Inside the Schengen Visa Calculation worksheet
Office for Mere Mortals helps people around the world get more from Word, Excel, PowerPoint and Outlook. Delivered once a week. free.
Here’s a quick look at some of the modest Excel tricks we used to make the Schengen Visa Calculation worksheet.
Making the itinerary list an Excel Table lets us make use of some features.
It’s a lot easier to format as a table with banded rows.
We’ve turned off the Table | Filter Button (defaults on) because the sorting is important in this table and the filtering is unlikely to be needed.
Tables are really useful because formulas use the column heading names automatically. No need to define names for each cell or column. A table formula is easily readable with names not cell references:
Of course, other cells outside the table have been named separately.
The slightly complex formula allows for situations where the dates you’re in a certain country overlap with the relevant Schengen date range. (eg you’re in Germany from 1 Dec to 1 Feb and you’re checking for Schengen compliance from 1 Jan onwards).
Named Cells Reference
Near the bottom of the Instructions tab, we added a reference table of all the named cells. This is always a good idea for a complex or shared worksheet.
It’s easy to create in Excel for Windows. Formulas | Defined Names | Use in Formula then Paste List.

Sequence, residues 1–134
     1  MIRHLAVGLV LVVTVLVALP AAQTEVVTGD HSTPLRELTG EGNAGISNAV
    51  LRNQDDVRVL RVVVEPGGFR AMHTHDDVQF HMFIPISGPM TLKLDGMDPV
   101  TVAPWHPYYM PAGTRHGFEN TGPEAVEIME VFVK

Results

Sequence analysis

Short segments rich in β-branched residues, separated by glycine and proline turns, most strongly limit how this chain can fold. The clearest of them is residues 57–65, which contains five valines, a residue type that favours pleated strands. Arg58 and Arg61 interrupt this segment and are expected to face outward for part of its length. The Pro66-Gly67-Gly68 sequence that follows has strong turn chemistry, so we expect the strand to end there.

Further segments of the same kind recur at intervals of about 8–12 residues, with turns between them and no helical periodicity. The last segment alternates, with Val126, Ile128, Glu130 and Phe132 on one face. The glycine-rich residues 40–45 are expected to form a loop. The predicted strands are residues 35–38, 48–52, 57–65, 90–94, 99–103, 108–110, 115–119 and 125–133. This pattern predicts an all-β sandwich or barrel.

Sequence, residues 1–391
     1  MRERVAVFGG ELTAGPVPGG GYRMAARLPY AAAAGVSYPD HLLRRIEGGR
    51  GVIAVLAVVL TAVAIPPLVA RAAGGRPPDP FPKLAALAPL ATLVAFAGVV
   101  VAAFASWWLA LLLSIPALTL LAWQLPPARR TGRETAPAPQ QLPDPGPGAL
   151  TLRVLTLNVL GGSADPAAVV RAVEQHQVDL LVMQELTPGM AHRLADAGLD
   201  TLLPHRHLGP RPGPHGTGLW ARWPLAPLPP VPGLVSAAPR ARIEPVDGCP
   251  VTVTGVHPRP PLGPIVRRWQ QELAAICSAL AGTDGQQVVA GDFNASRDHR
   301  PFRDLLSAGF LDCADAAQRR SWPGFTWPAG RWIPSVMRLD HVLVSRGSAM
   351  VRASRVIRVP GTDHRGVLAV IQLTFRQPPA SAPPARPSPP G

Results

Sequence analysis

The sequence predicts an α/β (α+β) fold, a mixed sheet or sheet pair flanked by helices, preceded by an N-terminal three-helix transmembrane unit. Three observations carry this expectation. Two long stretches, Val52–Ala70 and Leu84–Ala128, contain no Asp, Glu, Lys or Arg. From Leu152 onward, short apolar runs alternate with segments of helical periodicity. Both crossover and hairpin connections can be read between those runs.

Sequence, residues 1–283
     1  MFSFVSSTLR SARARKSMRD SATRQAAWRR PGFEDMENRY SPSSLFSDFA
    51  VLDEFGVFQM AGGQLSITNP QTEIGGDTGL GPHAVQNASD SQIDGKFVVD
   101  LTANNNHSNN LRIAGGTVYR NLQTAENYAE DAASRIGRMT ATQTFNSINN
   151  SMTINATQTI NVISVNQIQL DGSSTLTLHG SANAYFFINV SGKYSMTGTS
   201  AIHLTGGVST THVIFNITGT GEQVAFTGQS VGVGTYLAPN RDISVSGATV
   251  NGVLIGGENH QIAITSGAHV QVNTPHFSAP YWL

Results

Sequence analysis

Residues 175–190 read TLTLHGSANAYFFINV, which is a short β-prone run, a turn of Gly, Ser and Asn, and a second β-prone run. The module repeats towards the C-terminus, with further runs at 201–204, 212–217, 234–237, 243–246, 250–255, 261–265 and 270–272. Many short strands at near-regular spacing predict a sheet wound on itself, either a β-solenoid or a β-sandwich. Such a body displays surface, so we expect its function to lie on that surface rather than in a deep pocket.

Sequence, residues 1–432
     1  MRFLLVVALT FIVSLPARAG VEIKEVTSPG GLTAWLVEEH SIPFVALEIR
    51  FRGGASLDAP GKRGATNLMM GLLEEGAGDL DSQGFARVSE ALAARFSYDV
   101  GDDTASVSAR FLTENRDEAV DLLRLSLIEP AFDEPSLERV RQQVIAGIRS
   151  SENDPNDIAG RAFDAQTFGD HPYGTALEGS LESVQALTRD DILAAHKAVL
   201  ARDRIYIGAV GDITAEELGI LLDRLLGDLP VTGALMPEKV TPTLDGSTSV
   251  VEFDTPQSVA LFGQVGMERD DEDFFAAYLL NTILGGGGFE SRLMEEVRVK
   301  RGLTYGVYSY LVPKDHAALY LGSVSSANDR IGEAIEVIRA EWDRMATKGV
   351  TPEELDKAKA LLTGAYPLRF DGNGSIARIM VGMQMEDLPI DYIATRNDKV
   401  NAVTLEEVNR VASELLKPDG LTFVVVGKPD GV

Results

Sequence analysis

That adds a list of names plus formulas to access that name. We’ve copied to make a third column to show the result as well as the reference formula.
Because all Excel dates are saved as serial numbers, it’s easy to do some date comparisons.
To work out if a date is before or after another just compare the two:
To see if one date is before another use the test
[@[Date Out]] < DepartureDate .
Or subtract one from another
[@[Date Out]] - DepartureDate and compare the result (negative = Date Out is earlier, Zero = same date, positive = Departure Date is earlier.
The worksheet uses MIN() and MAX() which return the lowest or highest value. For dates that means the earlier or latest date.
MIN( [@[Date Out]],DepartureDate) returns the earliest date of either Date Out or DepartureDate
MAX([@[Date In]],StartDate) returns the oldest date of Date In or Start Date.
IF() with AND()
Normally the Excel IF() takes a single test eg
IF( Start Date < DepartureDate, "Yes", "No") but we need to do three tests and they all need to be true.
That’s where AND() comes in. It lets us combine the three tests into one function that returns either True or False.
For the worksheet we need to check:
- Is the country Schengen?
- The Date Out before the Departure Date
- The Date In after the Start Date
Only then are the days included in the count.
There’s a corresponding OR() function as well.
There’s a spot of Conditional Formatting to make it obvious if you’re OK or not.
Office Watch has the latest news and tips about Microsoft Office. Independent since 1996. Delivered once a week.